Crush Liberalism

Liberalism: Why think when you can “feel”?

Slaughter solution bitterly opposed in 2005…by Slaughter!

She fought it in 2005 with San Fran Nan when the GOP was busy using the Constitution as Charmin.  But today?  Not so much.

But put aside the present for the moment and step into my time machine. Dial the date selector back to 2005 when the Republican majority in Congress approved a national debt limit increase using a self-executing rule similar to the Slaughter Solution.

Guess who went to federal court to challenge the constitutionality of the move? The Ralph Nader-backed Public Citizen legal activists. Here’s the argument they made:

“Article I of the United States Constitution requires that before proposed legislation may “become[] a Law,” U.S. CONST. art. I, § 7, cl. 2, “(1) a bill containing its exact text [must be] approved by a majority of the Members of the House of Representatives; (2) the Senate [must] approve[] precisely the same text; and (3) that text [must be] signed into law by the President,” Clinton v. City of New York, 524 U.S. 417, 448, 118 S.Ct. 2091, 141 L.Ed.2d 393 (1998).

“Public Citizen, a not-for-profit consumer advocacy organization, filed suit in District Court claiming that the Deficit Reduction Act of 2005, Pub.L. No. 109-171, 120 Stat. 4 (2006) (“DRA” or “Act”), is invalid because the bill that was presented to the President did not first pass both chambers of Congress in the exact same form. In particular, Public Citizen contends that the statute’s enactment did not comport with the bicameral passage requirement of Article I, Section 7 of the Constitution, because the version of the legislation that was presented to the House contained a clerk’s error with respect to one term, so the House and Senate voted on slightly different versions of the bill and the President signed the version passed by the Senate.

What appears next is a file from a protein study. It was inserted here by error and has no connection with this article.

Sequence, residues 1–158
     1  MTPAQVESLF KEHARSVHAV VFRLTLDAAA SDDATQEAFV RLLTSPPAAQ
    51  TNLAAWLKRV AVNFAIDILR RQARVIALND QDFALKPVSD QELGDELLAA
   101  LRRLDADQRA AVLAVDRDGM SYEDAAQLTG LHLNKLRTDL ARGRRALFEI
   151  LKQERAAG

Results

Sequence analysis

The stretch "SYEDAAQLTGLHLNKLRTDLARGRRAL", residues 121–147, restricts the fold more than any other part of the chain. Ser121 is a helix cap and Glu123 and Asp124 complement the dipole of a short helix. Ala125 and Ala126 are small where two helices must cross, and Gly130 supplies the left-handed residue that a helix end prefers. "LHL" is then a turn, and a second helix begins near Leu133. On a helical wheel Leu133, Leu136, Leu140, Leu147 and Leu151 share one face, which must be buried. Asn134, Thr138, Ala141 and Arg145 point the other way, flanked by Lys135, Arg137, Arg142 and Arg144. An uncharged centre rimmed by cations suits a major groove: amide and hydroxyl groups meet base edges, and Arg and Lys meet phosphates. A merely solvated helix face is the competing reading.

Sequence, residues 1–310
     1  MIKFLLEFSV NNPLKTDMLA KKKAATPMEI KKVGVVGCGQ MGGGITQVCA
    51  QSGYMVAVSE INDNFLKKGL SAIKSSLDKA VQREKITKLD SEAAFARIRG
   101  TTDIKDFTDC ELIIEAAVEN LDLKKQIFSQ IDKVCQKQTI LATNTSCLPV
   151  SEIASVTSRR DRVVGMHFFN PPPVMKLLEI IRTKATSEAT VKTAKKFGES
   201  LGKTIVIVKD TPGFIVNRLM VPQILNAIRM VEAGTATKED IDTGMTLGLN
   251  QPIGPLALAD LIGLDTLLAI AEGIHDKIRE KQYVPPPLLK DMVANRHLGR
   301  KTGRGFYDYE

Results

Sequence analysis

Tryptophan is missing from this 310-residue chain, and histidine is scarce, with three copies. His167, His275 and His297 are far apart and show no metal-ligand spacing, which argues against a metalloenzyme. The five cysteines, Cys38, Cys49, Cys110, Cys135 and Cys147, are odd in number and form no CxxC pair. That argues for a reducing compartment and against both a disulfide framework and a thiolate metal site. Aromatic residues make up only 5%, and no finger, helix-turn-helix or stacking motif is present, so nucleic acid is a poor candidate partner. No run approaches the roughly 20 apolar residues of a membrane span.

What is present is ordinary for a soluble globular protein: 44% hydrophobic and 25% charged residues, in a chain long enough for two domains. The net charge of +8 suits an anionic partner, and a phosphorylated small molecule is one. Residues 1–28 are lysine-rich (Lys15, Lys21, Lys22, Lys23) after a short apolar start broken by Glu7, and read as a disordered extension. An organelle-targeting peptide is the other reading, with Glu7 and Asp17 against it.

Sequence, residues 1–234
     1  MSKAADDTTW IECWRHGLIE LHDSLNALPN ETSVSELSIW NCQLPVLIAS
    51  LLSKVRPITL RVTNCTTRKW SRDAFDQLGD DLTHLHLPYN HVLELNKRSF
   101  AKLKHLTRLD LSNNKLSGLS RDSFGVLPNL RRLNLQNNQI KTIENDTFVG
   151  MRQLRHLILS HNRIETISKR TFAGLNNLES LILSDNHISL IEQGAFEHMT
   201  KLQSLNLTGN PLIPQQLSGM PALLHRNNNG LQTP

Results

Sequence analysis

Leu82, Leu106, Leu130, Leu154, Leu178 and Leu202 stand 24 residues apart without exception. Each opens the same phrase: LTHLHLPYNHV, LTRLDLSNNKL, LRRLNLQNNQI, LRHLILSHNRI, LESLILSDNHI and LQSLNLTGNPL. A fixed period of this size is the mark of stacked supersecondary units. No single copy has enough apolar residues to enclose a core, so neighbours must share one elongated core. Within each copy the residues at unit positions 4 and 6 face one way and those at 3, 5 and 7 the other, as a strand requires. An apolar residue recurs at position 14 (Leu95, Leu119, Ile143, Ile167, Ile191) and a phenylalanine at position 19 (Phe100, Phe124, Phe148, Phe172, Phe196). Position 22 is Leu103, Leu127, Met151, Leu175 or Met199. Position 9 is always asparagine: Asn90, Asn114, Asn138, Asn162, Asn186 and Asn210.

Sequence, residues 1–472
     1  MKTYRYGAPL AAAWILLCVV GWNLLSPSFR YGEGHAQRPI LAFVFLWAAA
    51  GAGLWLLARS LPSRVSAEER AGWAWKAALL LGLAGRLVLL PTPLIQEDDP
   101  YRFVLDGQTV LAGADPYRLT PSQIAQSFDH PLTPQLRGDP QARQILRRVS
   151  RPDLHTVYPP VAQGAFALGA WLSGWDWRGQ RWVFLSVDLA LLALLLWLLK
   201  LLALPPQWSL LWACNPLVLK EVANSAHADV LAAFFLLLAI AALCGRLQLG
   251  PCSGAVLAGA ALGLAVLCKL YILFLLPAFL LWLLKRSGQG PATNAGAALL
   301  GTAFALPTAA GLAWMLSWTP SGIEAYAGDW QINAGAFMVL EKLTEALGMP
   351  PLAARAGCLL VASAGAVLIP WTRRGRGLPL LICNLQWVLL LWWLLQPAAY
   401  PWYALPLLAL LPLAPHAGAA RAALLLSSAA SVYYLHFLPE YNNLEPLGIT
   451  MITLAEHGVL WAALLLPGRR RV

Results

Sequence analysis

“Public Citizen asserts that it is irrelevant that the Speaker of the House and the President pro tempore of the Senate both signed a version of the proposed legislation identical to the version signed by the President. Nor does it matter, Public Citizen argues, that the congressional leaders’ signatures attest that indistinguishable legislative text passed both houses.” (Emphasis added)

And now for the kicker, guess who joined Public Citizen in that suit with amicus briefs:

  • Nancy Pelosi
  • Henry Waxman
  • Louise Slaughter

If the Pelosi/Slaughter/Waxman argument against using a self-executing rule against a debt limit increase measure sounds familiar, it should because it’s the same argument now being used by Republicans to oppose the Slaughter Solution for moving Obamacare through the House.

Hey, I’m not saying she’s a hypocrite or anything!  I’m just saying that she acts one way when it suits her fancy, then acts the opposite way when she suits her fancy.  OK, now that you mention it, that does make her a stark raving moonbatty hypocrite.

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March 16, 2010 - Posted by | corruption, health care, hypocrisy, moonbats, Pelosi

2 Comments »

  1. Dang, for a minute there I got all excited to see the words “self-executing” and Pelosi/Slaughter/Waxman in the same sentence… Now THERE is some real HOPE. 🙂

    Comment by Kanaka Girl | March 16, 2010

  2. 😆

    Comment by crushliberalism | March 16, 2010


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